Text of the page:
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Triple Helical Structure of Synthetic Collagen
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Triple Helical Structure of Synthetic Collagen

April 29, 2013
A molecular animation (foreground) depicts the triple helical structure of synthetic collagen fibrils. The fibrils entangle by the millions to form collagen-like structures, which can be viewed with a scanning electron microscope (background). Scientists at Rice University unveiled a new method for making synthetic collagen, which will be a significant advance for cosmetic and reconstructive medicine. The new material, which forms from a liquid in as little as an hour, has many of the properties of natural collagen and may prove useful as a scaffold for regenerating new tissues and organs from stem cells. This could be a significant advance for cosmetic and reconstructive medicine. This research was supported in part by a grant from the National Science Foundation. To learn more about this research, see the Rice news story Rice unveils new method to grow synthetic collagen. (Date of Image: September 2011) Credit: Jeffrey Hartgerink, Rice University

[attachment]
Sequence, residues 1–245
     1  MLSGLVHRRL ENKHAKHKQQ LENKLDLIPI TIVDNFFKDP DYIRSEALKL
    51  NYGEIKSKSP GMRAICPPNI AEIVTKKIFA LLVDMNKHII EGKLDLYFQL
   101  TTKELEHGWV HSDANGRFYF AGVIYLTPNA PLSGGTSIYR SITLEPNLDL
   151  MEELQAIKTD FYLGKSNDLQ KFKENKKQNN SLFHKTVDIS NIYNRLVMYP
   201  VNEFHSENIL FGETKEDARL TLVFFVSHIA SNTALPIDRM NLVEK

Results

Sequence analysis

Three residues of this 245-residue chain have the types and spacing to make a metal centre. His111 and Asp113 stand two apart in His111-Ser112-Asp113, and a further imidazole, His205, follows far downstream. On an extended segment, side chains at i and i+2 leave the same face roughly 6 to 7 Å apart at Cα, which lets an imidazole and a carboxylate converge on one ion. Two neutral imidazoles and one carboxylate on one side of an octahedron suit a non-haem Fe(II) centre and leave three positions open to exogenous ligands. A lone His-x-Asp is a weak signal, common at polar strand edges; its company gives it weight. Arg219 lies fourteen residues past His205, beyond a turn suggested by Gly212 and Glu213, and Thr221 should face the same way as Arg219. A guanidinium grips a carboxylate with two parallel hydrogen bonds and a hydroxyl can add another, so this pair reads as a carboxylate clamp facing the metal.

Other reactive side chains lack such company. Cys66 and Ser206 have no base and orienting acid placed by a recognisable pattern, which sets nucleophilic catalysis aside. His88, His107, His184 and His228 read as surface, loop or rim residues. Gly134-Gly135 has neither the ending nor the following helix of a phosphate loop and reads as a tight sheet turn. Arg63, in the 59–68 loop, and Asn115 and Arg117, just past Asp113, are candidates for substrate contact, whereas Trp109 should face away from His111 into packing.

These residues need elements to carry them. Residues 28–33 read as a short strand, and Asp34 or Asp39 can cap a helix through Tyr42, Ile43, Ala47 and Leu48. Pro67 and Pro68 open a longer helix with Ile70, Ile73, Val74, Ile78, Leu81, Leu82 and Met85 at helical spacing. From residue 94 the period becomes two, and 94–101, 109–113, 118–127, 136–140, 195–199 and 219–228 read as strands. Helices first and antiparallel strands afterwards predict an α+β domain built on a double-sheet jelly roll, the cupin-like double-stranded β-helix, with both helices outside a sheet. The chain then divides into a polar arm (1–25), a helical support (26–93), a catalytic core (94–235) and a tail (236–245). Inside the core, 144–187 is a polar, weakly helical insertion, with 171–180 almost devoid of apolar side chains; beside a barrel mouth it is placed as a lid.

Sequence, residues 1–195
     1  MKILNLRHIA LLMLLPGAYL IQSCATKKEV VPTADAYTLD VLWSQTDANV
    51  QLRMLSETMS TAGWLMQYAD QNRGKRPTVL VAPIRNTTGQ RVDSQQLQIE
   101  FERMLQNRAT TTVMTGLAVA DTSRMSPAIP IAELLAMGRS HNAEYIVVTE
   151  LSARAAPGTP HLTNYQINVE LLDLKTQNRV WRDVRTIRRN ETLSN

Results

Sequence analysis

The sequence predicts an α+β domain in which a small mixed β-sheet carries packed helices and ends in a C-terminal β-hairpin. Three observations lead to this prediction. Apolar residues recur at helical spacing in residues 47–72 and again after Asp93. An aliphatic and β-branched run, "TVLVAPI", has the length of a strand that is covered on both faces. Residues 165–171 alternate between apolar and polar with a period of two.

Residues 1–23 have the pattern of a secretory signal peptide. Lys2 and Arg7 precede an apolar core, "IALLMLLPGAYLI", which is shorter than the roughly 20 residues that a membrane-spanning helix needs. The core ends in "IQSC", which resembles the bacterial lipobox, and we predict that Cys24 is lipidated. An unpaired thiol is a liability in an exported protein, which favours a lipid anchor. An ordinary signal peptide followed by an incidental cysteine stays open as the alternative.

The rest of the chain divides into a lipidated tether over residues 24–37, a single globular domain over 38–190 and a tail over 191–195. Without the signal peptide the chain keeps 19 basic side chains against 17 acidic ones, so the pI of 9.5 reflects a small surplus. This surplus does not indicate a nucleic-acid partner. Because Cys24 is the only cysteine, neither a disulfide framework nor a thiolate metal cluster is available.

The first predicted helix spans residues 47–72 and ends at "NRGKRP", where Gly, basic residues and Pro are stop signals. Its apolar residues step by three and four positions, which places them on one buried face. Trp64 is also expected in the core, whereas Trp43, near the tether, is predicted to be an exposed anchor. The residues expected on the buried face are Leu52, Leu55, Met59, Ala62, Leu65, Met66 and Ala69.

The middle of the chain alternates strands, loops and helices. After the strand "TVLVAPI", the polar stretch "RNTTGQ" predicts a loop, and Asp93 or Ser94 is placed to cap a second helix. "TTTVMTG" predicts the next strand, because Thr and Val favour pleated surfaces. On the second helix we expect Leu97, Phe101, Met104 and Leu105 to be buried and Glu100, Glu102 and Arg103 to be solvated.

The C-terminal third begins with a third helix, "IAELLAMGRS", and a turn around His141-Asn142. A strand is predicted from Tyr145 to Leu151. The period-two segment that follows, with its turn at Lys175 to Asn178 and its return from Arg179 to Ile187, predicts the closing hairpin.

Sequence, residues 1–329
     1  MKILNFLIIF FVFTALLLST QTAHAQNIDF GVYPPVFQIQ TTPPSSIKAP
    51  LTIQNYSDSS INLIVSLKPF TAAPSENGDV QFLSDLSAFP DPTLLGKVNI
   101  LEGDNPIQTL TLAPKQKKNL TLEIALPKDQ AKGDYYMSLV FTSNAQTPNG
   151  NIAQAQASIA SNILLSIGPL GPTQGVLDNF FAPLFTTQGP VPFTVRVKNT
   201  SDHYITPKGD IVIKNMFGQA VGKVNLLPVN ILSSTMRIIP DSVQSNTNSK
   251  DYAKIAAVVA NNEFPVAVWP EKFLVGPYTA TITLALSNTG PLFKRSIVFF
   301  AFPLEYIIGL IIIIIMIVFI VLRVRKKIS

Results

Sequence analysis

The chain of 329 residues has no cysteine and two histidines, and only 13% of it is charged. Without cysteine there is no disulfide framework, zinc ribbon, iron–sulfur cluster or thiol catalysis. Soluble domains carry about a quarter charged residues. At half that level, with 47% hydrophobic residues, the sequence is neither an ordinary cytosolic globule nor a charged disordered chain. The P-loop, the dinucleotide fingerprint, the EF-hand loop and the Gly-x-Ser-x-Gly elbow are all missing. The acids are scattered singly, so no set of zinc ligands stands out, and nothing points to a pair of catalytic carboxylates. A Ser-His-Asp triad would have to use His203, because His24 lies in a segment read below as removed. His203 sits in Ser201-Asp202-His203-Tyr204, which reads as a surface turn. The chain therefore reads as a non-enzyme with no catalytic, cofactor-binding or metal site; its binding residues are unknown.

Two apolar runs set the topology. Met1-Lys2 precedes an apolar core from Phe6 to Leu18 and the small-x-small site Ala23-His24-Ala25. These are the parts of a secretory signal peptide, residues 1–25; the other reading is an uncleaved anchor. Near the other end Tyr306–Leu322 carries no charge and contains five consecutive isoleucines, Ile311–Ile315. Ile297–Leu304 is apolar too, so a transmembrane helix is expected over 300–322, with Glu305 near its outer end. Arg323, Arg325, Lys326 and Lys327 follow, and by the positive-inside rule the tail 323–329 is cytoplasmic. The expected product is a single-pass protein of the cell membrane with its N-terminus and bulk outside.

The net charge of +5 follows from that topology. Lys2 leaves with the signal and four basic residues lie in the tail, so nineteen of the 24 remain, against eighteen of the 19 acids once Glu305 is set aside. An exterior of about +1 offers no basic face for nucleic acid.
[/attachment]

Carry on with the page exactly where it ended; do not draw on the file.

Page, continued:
Topics: Integrins, Collagen